Nicola Haym’s libretto (in Italian, though the opera was first staged in London) makes enough sense, though major political and military developments are presented in personal terms: sibling rivalry or love unrequited or triumphant. Cesare (Julius Caesar) has pursued his rival Pompeo to Egypt where Tolomeo is disputing the throne with his sister Cleopatra. Tolomeo kills Pompeo to ingratiate himself with Cesare, but produces just the opposite result. Cesare and Cleopatra fall in love, Pompeo’s widow Cornelia and son Sesto swear revenge on Tolomeo and the plot works its way, via wars, imprisonment and assassination, to a happy ending.
However, though the plot is effective enough, Giulio Cesare presents other problems. A 2012 audience is not willing to listen to the vocal virtuosity of the soloists in a series of superbly crafted da capo arias (there are no ensembles until the closing stages) without some action and so a suitable vocabulary of movement and gesture needs to be found. A period staging offers its own context, but in this modernised treatment there is some early uncertainty about the degree of formality. Furthermore the “slaves”, moving scenery and dead bodies, never quite convince. Leslie Travers’ designs take their time in making an impact, too: costumes are a mixed bag, but a drab set, awkward for movement, eventually emerges glowing with gold under Thomas C. Hase’s lighting.
Tim Albery’s direction, however, is as clear and dramatically effective as always. Characters are strongly differentiated and nothing gets in the way of an outstanding musical performance. Some two decades after her still-memorable Lazuli in L’Etoile for Opera North, Pamela Helen Stephen excels in a rather more serious trouser role as Cesare, dramatically focussed, vocally authoritative, poised between assurance and arrogance. James Laing’s muscular counter-tenor and understated, faintly camp sadism are perfect for Tolomeo. Ann Taylor’s soft-grained mezzo, so affecting recently as Suzuki in Madama Butterfly, lacks the vocal edge for Cornelia’s vows of revenge, leaving her only with laments, but Kathryn Rudge brings a youthful ardour to Sesto. Jonathan Best’s sturdy Achilla and Andrew Radley’s nimble Nireno speak for the court of Tolomeo and Cleopatra.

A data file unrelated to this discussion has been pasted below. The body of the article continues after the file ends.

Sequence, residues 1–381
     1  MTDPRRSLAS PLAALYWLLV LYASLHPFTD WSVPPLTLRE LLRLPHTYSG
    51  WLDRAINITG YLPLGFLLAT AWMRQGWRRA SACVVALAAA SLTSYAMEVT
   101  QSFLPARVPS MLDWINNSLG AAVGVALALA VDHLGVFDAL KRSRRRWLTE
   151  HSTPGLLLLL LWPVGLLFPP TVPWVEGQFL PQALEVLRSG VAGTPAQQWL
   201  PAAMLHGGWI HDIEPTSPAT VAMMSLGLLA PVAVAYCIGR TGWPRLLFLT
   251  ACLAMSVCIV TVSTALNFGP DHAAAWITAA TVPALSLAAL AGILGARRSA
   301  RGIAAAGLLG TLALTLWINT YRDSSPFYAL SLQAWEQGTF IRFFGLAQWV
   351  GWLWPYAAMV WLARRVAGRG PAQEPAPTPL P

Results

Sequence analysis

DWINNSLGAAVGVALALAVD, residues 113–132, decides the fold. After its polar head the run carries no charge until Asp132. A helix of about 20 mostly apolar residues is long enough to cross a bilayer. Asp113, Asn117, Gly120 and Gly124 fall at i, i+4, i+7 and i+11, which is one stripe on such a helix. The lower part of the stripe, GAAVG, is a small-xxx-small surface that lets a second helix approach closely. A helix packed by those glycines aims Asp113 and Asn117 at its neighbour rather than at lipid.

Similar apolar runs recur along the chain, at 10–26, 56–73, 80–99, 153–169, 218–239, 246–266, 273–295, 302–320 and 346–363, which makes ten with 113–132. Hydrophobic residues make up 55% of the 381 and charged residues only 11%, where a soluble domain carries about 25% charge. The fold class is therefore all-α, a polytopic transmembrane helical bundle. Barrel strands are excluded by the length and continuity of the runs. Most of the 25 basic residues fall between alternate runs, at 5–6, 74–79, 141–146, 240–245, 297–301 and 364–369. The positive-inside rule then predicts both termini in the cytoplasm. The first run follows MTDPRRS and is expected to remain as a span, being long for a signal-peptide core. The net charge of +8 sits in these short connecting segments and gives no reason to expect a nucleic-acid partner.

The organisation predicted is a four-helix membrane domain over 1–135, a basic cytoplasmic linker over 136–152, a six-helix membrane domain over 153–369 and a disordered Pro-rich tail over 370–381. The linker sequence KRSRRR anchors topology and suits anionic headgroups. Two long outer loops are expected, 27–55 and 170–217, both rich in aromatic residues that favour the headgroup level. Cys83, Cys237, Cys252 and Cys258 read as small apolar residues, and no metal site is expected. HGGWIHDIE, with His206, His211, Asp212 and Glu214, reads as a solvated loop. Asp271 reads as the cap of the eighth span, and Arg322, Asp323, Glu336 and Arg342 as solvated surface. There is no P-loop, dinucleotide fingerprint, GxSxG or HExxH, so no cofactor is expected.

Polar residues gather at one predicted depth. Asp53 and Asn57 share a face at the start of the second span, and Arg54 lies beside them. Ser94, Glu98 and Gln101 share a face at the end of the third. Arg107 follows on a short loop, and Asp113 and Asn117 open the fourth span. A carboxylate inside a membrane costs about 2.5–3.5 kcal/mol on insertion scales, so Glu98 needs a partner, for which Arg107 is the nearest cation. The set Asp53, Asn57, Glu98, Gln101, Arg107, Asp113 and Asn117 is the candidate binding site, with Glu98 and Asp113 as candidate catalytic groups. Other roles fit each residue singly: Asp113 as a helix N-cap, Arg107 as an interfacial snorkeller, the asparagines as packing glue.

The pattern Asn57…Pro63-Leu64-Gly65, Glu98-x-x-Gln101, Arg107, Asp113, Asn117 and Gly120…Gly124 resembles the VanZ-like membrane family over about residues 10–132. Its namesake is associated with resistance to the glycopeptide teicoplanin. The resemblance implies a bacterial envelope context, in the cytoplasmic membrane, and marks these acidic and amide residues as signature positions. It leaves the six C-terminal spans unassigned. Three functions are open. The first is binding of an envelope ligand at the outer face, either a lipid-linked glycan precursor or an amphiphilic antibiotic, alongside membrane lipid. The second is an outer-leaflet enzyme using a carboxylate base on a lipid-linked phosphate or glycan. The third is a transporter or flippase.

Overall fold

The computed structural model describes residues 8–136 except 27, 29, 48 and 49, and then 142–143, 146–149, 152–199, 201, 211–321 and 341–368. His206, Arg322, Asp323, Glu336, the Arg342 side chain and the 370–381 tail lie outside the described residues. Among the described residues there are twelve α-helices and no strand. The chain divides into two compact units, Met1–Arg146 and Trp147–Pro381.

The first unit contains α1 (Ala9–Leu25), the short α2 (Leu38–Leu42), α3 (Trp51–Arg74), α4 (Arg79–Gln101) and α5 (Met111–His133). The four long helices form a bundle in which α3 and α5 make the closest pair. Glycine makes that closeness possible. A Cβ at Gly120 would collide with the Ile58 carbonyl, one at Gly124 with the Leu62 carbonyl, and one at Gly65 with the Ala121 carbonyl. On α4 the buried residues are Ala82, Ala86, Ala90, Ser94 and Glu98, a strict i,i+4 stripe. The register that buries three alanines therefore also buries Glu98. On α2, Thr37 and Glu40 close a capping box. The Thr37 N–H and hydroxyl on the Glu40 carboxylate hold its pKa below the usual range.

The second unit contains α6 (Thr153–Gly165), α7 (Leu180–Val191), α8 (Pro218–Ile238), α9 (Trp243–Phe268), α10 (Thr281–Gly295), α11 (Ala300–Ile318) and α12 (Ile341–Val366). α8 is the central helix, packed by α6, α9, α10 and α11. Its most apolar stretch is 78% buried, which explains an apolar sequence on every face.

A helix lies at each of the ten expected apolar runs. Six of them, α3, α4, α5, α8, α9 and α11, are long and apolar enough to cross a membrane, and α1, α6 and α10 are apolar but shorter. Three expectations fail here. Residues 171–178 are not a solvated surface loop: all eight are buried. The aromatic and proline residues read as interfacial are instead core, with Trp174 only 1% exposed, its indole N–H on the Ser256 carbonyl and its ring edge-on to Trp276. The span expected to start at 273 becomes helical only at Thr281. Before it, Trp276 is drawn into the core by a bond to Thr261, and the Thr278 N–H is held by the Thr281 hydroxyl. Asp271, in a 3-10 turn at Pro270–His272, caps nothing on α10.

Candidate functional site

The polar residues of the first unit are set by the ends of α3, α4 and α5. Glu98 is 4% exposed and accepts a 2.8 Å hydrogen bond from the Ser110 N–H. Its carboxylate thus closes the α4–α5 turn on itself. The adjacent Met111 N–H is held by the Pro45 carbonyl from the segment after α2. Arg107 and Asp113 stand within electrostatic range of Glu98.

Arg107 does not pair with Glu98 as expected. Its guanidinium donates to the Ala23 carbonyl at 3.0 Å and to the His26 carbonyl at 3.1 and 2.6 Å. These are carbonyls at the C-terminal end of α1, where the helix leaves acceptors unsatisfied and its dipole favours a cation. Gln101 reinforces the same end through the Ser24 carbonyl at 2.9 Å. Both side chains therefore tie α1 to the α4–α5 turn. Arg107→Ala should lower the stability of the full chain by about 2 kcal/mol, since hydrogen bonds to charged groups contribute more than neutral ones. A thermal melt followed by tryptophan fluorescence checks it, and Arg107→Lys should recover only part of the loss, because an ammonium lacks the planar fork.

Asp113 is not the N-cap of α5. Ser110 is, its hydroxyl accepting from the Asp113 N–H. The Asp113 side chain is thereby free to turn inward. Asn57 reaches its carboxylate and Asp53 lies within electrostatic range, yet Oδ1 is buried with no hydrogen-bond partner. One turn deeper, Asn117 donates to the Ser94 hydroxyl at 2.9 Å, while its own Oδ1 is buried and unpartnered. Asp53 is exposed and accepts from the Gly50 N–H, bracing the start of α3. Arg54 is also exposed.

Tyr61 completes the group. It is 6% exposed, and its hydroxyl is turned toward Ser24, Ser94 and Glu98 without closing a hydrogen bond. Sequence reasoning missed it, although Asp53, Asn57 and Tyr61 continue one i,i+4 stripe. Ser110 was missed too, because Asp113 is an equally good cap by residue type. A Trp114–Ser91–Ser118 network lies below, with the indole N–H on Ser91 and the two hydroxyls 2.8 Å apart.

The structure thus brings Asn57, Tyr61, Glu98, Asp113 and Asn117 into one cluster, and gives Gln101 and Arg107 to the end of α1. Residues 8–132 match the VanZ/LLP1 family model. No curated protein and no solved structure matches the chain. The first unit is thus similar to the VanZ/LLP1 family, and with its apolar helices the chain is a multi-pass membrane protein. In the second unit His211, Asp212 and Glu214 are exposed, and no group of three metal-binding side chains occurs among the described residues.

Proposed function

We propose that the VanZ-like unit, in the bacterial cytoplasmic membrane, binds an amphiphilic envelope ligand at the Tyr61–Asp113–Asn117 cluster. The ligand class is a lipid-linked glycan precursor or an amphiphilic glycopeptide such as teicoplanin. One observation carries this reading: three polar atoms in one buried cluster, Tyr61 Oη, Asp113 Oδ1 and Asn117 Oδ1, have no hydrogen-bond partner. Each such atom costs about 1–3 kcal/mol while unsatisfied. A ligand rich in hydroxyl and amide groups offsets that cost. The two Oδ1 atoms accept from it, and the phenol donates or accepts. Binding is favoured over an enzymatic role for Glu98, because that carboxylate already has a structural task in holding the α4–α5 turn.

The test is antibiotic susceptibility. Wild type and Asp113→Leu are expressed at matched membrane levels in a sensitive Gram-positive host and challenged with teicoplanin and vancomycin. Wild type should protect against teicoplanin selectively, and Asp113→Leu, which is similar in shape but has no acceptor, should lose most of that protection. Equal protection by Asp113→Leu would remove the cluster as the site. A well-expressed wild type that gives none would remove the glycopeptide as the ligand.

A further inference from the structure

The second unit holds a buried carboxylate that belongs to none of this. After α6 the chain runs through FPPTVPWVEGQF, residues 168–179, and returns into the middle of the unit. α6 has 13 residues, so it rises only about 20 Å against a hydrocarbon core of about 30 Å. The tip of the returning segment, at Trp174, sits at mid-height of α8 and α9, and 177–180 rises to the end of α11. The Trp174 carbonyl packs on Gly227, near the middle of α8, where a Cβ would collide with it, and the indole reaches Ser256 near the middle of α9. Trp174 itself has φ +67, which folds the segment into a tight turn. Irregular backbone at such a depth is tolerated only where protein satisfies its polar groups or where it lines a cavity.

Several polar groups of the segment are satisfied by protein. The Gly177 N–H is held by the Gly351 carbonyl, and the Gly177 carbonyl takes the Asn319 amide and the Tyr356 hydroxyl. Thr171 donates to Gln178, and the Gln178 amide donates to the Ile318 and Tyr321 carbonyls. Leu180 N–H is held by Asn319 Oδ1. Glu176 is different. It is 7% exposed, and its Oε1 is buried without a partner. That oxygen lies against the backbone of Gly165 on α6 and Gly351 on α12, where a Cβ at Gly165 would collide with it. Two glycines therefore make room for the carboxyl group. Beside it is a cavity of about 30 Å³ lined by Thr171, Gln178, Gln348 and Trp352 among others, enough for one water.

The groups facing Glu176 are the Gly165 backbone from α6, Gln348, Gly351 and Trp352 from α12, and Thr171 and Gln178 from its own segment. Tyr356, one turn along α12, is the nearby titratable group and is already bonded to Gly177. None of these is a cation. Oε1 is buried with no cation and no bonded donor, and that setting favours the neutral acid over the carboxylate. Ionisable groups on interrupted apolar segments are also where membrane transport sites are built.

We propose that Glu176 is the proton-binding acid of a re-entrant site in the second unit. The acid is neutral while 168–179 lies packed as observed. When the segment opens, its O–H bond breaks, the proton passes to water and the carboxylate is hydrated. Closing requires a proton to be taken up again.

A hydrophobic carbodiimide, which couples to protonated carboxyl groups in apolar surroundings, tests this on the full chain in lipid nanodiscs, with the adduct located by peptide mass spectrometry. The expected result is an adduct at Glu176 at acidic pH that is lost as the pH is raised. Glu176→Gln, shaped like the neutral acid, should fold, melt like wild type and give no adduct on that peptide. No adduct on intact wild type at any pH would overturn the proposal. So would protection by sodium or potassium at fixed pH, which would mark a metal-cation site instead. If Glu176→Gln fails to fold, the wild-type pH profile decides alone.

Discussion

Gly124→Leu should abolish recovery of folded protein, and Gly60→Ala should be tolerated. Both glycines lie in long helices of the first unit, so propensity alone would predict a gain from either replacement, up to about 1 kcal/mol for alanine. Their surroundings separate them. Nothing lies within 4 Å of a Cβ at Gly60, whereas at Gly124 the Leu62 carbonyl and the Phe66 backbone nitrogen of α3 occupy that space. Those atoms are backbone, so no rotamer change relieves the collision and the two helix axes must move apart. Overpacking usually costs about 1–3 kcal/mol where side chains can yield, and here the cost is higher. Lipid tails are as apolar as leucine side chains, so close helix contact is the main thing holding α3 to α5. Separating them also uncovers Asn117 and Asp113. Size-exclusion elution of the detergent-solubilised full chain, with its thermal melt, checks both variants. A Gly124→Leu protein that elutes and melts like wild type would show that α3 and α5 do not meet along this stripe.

However, the evening belongs especially to two artists making their Opera North debuts. Sarah Tynan as Cleopatra, flirtatiously lifting the opera’s rather stolid opening or mischievously relishing the disguised pursuit of her loved one or suffering with regal courage, is fully in command of the role, with her imprisonment bringing singing of exceptional beauty. Conductor Robert Howarth paces the performance admirably and obtains inspired playing from the Orchestra of Opera North, savouring Handel’s distinctive orchestral colouring and the virtuoso opportunities for violin and natural horns.